Digital Detox by the Numbers
Written by Bob Cole
Last week we sent out the final installment of our “digital detox” bi-weekly newsletter featuring helpful information and activities designed to reduce the toxicity of our personal digital environments and how we engage with them. If you missed the series, we’ve archived on our website the nine posts exploring dimensions of ‘critical digital fluency’ such as mindful e-mail and social media practices, tools to guard our data and privacy, web literacy and fact checking resources, and implications of a future without net neutrality. Subscribers to the series increased over the course of the five weeks, with a total of 229 sign-ups. We saw a significant bump in subscribers from beyond Middlebury during the final two weeks when the project was featured by the Chronicle of Higher Education as part of its regular Profhacker series.
By the numbers, the top links to articles, resources and tools from the first part of the series included: Limiting social media time, password and security breach tool “Have I been pwned?”, cleaning up Facebook with the Greasemonkey extension on Firefox, planning a Digital Diet, and a “Before you Scroll” practice for mindfulness on the web. From there, the links with the most interest included a TEDx video about the virtues of unplugging from the web to cultivate creativity, alternative e-mail providers endorsed by Me and My Shadow, ad-block and anti tracking browser extension Ghostery, and a Me and My Shadow primer on why we should all be concerned about digital tracking called Tracking So What?
Explore the full detox series here, and If you want to dig deeper, join our emergent Information Environmentalism movement. We are exploring curricular and co-curricular ways to de-pollute digital information environments, in a variety of disciplinary contexts, cultural contexts, and languages. Contact Amy Collier to discuss what your class, student group, or community group can do.
Digital Pedagogy & Media Director Search
The DLINQ team has been active over recent months during the search process for a Director to lead the Digital Pedagogy and Media group. We are interviewing candidates and look forward to welcoming our new director soon!
Dispatch from Educause Learning Initiative – Next Generation Digital Learning Environments
Written by Bill Koulopoulos
During the last week of January, Bill Koulopoulos, Director, Learning Spaces and Infrastructure based in Vermont, attended the 2018 Educause Learning Institute’s (ELI) annual meeting in New Orleans. While the meeting offered a number of thematic tracks aiming to address top key issues such as faculty development, learning environments and analytics, a number of presentations focused on the next generation digital learning environment (NGDLE) framework. Celebrating its two-year anniversary, NGDLE aims to function as a framework for institutions grappling with the challenges of creating a cohesive environment in which all the systems that support learning (e.g. Learning Management Systems, Survey platforms, etc.) can form, what John Baker calls: “a unified learning ecosystem.”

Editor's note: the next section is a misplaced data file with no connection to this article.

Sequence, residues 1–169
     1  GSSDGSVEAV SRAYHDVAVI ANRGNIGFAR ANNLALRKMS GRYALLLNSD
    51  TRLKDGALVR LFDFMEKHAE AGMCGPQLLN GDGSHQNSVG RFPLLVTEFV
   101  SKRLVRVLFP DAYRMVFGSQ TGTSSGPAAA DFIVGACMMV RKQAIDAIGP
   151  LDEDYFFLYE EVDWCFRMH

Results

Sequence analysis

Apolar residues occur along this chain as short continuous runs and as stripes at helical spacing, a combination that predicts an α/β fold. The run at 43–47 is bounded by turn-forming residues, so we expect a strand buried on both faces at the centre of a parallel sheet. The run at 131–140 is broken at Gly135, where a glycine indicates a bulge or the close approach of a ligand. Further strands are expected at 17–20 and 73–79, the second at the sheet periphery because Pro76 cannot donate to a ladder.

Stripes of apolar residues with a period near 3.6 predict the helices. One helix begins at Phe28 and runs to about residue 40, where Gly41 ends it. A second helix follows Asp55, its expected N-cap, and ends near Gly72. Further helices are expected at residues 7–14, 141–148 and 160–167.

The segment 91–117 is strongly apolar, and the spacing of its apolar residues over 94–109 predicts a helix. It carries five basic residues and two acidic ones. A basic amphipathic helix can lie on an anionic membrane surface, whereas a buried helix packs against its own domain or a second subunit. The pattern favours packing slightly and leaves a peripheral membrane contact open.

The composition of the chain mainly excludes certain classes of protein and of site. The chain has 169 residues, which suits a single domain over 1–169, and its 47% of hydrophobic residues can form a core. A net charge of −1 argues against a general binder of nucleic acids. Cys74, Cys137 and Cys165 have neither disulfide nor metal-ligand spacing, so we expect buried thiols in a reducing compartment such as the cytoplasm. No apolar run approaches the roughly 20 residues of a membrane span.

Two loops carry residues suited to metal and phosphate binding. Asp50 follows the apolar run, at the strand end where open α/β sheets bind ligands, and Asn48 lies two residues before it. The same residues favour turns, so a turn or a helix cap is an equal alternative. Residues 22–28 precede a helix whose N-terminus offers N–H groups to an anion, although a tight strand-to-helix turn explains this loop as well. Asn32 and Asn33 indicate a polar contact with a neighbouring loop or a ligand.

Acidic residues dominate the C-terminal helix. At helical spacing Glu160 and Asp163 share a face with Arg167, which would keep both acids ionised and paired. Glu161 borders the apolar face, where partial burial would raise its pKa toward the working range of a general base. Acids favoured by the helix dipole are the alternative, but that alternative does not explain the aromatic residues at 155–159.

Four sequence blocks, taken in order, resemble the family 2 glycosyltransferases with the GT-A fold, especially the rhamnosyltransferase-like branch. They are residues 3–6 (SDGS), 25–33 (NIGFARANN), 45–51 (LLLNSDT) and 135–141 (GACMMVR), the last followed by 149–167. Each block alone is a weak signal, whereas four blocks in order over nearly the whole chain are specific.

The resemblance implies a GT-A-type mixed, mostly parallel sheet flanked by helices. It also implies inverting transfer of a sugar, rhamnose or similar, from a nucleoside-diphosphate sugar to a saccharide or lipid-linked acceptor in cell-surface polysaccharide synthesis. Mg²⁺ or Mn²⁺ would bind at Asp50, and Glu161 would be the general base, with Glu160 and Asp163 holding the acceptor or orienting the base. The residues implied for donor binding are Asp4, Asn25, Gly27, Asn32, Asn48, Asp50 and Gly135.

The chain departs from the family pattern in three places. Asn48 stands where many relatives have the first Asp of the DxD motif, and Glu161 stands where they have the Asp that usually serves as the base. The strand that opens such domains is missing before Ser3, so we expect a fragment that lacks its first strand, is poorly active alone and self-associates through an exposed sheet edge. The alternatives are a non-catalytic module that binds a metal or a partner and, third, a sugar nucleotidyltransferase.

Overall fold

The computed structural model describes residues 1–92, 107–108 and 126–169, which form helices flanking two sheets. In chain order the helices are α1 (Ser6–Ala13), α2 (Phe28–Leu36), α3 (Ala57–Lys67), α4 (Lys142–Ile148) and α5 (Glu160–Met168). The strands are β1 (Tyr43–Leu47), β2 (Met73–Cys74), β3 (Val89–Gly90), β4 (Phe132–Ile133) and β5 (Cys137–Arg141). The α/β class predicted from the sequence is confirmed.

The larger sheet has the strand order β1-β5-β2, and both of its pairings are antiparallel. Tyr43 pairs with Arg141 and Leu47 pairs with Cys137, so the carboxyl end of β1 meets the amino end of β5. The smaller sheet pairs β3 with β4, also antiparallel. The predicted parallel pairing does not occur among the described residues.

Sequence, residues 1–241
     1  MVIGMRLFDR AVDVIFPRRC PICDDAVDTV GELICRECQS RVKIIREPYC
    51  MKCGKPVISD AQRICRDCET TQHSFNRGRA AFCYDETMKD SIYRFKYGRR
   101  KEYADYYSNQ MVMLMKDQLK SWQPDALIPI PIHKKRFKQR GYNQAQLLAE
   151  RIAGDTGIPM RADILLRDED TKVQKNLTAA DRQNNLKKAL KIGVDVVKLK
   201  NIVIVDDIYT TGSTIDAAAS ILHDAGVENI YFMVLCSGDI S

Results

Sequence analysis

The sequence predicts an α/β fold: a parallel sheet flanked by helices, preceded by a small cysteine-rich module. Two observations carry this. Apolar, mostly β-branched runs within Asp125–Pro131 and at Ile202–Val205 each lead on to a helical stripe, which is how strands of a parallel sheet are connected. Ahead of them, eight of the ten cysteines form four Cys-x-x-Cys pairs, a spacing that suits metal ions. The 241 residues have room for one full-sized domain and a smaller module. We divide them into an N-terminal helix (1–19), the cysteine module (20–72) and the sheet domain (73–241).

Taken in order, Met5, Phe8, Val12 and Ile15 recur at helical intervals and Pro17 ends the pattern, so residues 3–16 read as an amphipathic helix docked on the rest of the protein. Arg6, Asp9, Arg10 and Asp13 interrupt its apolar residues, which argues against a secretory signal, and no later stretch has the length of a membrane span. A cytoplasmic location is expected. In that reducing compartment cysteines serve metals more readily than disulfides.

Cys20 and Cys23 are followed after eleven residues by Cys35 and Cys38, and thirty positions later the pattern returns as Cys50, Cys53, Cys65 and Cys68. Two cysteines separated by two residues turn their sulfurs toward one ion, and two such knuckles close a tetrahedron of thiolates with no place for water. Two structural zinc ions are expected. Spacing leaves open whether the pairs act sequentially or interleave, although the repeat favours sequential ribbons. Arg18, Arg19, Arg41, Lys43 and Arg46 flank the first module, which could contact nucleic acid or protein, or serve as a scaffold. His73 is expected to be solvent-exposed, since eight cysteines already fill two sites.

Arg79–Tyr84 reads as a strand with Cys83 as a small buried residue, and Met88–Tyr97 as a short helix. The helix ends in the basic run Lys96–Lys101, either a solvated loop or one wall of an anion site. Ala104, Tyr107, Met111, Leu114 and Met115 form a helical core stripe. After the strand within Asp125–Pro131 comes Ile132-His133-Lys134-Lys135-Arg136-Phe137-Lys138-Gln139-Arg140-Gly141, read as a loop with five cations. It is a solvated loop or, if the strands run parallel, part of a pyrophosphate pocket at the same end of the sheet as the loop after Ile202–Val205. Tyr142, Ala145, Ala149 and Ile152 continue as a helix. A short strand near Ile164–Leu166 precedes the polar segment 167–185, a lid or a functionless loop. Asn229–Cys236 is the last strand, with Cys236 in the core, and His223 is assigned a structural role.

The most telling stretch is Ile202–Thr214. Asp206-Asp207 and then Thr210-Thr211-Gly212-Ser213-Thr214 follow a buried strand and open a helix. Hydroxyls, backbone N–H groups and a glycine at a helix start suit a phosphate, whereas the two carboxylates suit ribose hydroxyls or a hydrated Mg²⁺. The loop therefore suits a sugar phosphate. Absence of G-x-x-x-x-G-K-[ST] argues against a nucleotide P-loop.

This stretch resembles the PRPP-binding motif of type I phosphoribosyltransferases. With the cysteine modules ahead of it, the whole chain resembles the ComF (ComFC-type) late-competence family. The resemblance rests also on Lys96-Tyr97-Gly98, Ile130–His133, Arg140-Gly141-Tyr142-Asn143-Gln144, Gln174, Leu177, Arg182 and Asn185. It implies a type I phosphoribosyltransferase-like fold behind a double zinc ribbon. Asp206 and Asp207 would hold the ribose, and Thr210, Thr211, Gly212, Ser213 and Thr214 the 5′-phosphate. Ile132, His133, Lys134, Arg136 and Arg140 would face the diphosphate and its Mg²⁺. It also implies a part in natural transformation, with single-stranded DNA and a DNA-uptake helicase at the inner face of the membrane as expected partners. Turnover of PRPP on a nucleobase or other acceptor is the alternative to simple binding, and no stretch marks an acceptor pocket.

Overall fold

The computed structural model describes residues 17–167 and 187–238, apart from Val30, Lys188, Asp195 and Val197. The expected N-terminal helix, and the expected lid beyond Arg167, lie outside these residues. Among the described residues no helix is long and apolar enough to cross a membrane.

A key component of NGDLE is interoperability, which allows for different platforms to talk to each other seamlessly and is based on using open standards. An organization leading the effort is the IMS Global Consortium, a nonprofit organization, whose mission is to “advance technology that can affordably scale and improve educational participation and attainment.” Bringing together educational institutions, government organizations and vendors it aims to develop interoperability standards and push for their adoption through large scale projects.
The Unizin consortium is another nonprofit organization, whose membership includes 25 institutions and 900,000 learners and aims to “improve the learner experiences with digital teaching and learning resources.” While recognizing the unique needs of each institution, the member institutions provide a professional network that facilitates conversations and provides support for institutions who want to develop their own NGDLE framework.
For its part Middlebury, one of the three members of the Green Mountain Higher Education Consortium, is in a unique position to initiate these conversations and work together with Champlain College and Saint Michael’s College to explore their own version of the NGDLE.
Learn more about NGDLE here
Multimedia Production in Monterey
Written by Bob Cole
Mark Basse is a DLINQ Multimedia Specialist who supports curricular video production projects based out of our offices at the Middlebury Institute of International Studies in Monterey, California. Mark is currently partnering with a number of faculty and departments to produce multimedia content for online and hybrid courses at the Institute. In a recent post on his MiddCreate site, he provides a glimpse into working in his green screen and teleprompter ready studio with Professor Moyara Ruehsen who is currently piloting an online course on financial crimes related to the proliferation of weapons of mass destruction.
Learn about Mark’s work with Professor Ruehsen and proliferation financing by watching her course welcome video.
Featured image: “Pink Blossoms” by Ornella Binni on Unsplash